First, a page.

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Our jury decided on the winners of the Life among the Reefs photo competition, linked to the LIFE Pinna project. The selection was not easy, as many interesting images were received, even of non-trivial species. The evaluation criteria used were relevance to the theme of the competition (priority was therefore given to species observable in the first few metres of water and along the tide line), the quality of the submitted file and the ‘difficulty’ of the scene documented. Here then is the podium, with the reasons for it.

Alessandro Grasso, with the blenny (Parablennius gattorugine), protruding from the valves of a dead Pinna nobilis. The image is of excellent quality, is creative and documents an interesting behaviour of these fish, which often use what they encounter on the bottom as a refuge.

Aldo Boglia, with the ‘mullet king’ fish (Apogon imberbis), incubating the eggs received from the female in its mouth. The image is special because it documents a very special case of parental care involving the males of this species.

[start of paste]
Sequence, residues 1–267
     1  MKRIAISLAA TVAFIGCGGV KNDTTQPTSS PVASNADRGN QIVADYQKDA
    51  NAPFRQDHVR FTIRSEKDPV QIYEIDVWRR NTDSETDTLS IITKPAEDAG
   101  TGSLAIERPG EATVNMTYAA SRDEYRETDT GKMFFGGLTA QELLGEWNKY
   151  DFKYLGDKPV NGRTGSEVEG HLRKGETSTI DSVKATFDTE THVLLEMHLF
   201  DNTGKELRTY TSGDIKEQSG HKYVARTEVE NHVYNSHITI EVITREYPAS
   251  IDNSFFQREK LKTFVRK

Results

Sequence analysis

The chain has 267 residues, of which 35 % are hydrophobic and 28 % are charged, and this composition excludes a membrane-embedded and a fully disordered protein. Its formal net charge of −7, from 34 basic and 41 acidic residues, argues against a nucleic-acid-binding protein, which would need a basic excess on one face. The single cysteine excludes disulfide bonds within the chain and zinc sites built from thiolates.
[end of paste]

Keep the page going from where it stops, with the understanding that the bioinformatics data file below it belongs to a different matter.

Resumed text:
Alberto Colletti, with the peacock warbler (Salaria pavo) in a reef pool portrayed in mid-water. The image may seem less ‘powerful’ than the others, but it is very relevant to the theme of ‘Life among the Reefs’ and is difficult to achieve. It documents very effectively the two habitats, above and below the water, in a single scene, with a point of view similar to that of the protagonist fish.

A special mention also goes to Andrea Sabino, with his ‘cemetery’ of Pinna nobilis, and to Edoardo Casoli for his young Pinna nobilis emerging from a Posidonia oceanica meadow: a nice sign of hope.

Special mention
Cemetery’ of Pinna nobilis – Andrea Sabino
Special mention
Young Pinna nobilis – Edoardo Casoli